DNR Approves Methane Hydrate Drilling
Scanning electron microscope image of gas hydrate crystals in sediment. The picture shows a sample approximately 1/100 of an inch wide.
Alaska may be sitting on a motherlode of an alternative form of fossil fuel, depending on the outcome of an international intergovernmental research effort.
The consortium now has approval from the Alaska Department of Natural Resources’ Division of Oil and Gas to drill test wells on the North Slope to confirm the long-term production prospects of methane hydrate. The consortium includes the Japan Oil, Gas, and Metals National Corporation (JOGMEC), the US Department of Energy, the US Geological Survey, and the US National Energy Technology Laboratory.
Methane hydrates, also known as methane clathrates, are natural gas molecules trapped in ice lattices that form under a specific set of temperature and pressure conditions. They occur both in deep soil and on the ocean floor.
Alaska is one of the only areas with well-characterized and abundant onshore subsurface hydrate deposits close to existing oil and gas infrastructure. In 2018, the US Geological Survey assessed the undiscovered conventional resource potential of methane hydrates on the North Slope to be almost 54 trillion cubic feet of gas. The consortium aims to demonstrate that methane can be consistently produced from a subsurface hydrate formation.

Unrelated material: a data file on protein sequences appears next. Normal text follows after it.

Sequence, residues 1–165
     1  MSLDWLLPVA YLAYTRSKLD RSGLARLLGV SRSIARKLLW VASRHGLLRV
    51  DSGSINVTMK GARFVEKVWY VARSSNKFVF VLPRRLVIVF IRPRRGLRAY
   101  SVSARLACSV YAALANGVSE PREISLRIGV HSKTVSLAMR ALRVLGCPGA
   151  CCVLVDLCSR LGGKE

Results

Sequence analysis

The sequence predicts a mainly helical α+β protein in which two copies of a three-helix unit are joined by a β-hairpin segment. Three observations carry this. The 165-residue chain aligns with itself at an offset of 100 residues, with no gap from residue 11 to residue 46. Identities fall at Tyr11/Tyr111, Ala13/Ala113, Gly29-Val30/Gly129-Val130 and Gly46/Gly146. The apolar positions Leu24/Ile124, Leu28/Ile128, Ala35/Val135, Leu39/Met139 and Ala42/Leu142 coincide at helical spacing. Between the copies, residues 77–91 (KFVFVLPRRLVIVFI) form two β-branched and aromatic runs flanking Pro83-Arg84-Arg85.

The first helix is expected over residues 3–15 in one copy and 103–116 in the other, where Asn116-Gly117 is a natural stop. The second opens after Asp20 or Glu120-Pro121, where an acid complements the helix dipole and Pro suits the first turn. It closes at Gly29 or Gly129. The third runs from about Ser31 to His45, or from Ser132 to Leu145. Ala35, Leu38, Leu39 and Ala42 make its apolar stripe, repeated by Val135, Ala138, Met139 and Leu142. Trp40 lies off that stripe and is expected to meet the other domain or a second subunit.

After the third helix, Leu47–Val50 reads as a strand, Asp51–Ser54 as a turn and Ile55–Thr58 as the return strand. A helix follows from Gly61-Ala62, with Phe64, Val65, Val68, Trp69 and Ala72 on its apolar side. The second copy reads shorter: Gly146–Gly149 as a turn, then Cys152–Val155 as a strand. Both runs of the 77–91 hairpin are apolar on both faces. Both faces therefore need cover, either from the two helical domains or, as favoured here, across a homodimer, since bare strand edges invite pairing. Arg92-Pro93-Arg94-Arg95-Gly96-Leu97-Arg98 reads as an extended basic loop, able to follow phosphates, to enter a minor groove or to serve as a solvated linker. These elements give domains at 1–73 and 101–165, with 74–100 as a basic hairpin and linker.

“This is a major milestone to continue exploring what could be a significant resource and energy source in the future,” says Governor Mike Dunleavy. “I am proud that Alaska is so well positioned to host this research and optimistic that we will be one of the premier places in the world for potential production if the test is successful.”
JOGMEC previously demonstrated nearly six days of continuous production from permafrost in Canada in 2008 using a depressurization method. The state-run energy company was also the first to extract methane hydrate offshore in 2013 using a deep-sea drilling vessel in Japanese waters. At the time, the company hoped to achieve commercial-scale production by 2019, but the technology is still in development.
Japan is the world’s top importer of liquified natural gas, with no fossil fuel reserves on its volcanic islands. However, offshore methane hydrate reserves are estimated to contain enough natural gas to supply the entire country’s consumption for more than a decade.
The red outline shows areas where subsurface temperature and pressure conditions are conducive to forming gas hydrates.
Dunleavy says he is encouraged to be cooperating with the government of Japan in such a significant way. “This is yet another area of strategic cooperation and energy partnership between Alaska and Japan,” the governor says.
The test is currently slated to continue through 2024, and the US Geological Survey and US Department of Energy may release reports, studies, or data about the test based on its results going forward.